My plan at three hours was that I definitely had to make it to four hours at least, because I swam for four hours into the wind in 5 foot waves in Boston, so it would be embarrassing to stop after that. Then, once I got to 4 hours, I had to get to 6, since that's the amount of time you have to swim in 60 degree water to qualify to attempt the English Channel. Once that was done, I had to at least get to 8 hours, since the 70-year-old who tried to break the age record the day Mallory swam made it 8 hours before quitting, and he's freaking 70! I figured after that I would throw in a few hours for good measure, and then I'd be able to see France, and I wouldn't be able to quit then. My plan broke down a little there, because it was too hazy to see France until we were really close. I managed to get around this by setting myself times to ask whether we had exited a certain shipping channel or whatever, or a time at which I would allow myself to look for France. I thought I was a lot further back than I was though, because my plan was to not look for France until 11 hours... I got a few incidental glimpses before then, but I didn't get a really good look until just a few minutes before landing. I definitely didn't want to do what Mallory did and look up for France every 10 strokes for 3 hours, so I kind of took the other extreme. It worked out okay for me though: I was completely content to ask how many miles from shore, or whether I was at least making progress. Any more information would have been enough for me to overthink things a little too much, instead of just getting my butt in gear and finishing.

At 8 hours, I asked if we had left the Northeast Shipping Lane (the second shipping lane we pass... exiting at about 3/4 of the way). My dad said "almost there," and at 8.5 hours told me that we'd be out before the next feed. At 9 hours, however, he said nothing, and I worried it was because I wasn't making progress and they just didn't want to let me know that. It didn't seem implausible, given how little water I was pulling at this point: having overloaded my right arm the whole way to save my injured left shoulder, my right shoulder had become very painful as well. Also, at 9 hours, I was supposed to have a Tylenol with codeine pill in my gel feed, but I guess it had slid to the bottom of the pack, and I didn't get it. My right shoulder was really suffering from carrying the larger part of the load the whole way, so I was a little snappy about the fact that I wasn't getting the painkillers I had so been looking forward to. My dad managed to locate the pill, and sometime between 9 and 9.5 hours, I picked my head up and asked for it. That was definitely the worst I felt mentally since the first two hours: I don't think the pain got significantly better, though the codeine was definitely helping me cope. However, knowing I was close really helped me ignore the pain, and soon the muscular pain was getting to be on-par with the joint pain, so it was easier to ignore (for a while I was convinced that I had torn my right bicep).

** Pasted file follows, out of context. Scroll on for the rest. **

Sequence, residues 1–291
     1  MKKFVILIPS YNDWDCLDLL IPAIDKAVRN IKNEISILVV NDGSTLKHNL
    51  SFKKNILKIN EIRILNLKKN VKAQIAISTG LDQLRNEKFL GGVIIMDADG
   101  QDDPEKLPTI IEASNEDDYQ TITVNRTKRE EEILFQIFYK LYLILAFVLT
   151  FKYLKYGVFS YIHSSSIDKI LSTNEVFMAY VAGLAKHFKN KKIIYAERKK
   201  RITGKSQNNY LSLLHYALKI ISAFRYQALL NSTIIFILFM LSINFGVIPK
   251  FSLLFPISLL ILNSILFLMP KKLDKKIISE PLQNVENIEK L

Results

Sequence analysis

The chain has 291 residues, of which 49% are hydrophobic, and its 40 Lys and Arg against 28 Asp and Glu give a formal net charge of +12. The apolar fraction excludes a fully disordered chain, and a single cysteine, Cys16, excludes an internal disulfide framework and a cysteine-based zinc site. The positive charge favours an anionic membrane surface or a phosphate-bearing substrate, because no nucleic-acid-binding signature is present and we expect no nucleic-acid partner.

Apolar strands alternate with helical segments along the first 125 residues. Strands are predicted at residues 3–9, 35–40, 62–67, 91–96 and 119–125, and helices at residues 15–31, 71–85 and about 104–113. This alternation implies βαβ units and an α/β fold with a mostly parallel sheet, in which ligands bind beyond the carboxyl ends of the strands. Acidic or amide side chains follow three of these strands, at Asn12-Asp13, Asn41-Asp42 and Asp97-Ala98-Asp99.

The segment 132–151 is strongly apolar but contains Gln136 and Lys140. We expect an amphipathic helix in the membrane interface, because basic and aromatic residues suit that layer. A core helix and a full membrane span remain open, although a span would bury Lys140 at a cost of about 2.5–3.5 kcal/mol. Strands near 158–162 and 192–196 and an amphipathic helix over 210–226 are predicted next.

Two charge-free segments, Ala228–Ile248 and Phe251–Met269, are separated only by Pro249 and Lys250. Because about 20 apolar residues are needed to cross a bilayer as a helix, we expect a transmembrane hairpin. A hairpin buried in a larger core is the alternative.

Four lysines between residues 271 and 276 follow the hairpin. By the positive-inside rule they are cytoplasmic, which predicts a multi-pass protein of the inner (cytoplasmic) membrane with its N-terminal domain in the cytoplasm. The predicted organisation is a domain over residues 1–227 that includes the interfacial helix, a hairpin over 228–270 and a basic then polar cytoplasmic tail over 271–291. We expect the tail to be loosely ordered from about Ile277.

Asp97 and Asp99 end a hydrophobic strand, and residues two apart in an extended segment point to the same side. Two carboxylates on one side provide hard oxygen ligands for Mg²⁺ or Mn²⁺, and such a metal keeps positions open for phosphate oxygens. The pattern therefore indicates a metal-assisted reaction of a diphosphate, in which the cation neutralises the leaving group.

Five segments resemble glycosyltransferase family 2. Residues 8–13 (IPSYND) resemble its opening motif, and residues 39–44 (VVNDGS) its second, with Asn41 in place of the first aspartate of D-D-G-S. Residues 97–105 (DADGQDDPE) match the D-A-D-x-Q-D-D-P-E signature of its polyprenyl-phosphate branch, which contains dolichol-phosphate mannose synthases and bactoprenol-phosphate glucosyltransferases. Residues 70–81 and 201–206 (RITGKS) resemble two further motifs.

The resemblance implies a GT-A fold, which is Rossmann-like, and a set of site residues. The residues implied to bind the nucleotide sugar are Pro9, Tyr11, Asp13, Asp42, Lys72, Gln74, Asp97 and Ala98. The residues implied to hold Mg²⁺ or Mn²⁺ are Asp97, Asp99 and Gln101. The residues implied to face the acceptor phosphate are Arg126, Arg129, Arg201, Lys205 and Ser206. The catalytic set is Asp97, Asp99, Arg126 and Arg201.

At 9.5 hours, it was very obvious that the people on the boat could see France, but I told them I wasn't going to look until 11 hours. My dad said, "Well, make sure you're looking down then, because you might see rocks first!" That cheered me up a good bit, as I was thinking I wouldn't be finishing until the 12 hour realm. I asked how far I was, and, after a little hesitation, my dad told me I was 3 miles from shore, but that I would probably have to swim further than that. Since I had never been informed when we left the Northeast shipping lane, I had been thinking I was 5 or 6 miles from shore, so 3 miles was joyous news indeed. From that point forward, I really ignored the pain and just pushed as hard as I could, kicking like a madwoman (or at least, a very tired madwoman). I got a view incidental glances of the shore while breathing, but I didn't look straight up until Lee and Mallory got in the dinghy to lead me into shore. Since the ground dropped off so much faster where I landed than where Mallory did, I only had to swim 50 meters or so into land, rather than half a mile. I kept climbing (stumbling more like) over barnacle-covered boulders until people from the boat shouted for me to come back twice (I didn't want to get disqualified for not reach a point beyond all water). Then, I grabbed three rocks and stuffed them in my suit: one for me, one for Mallory (who forgot to grab one), and one for good measure.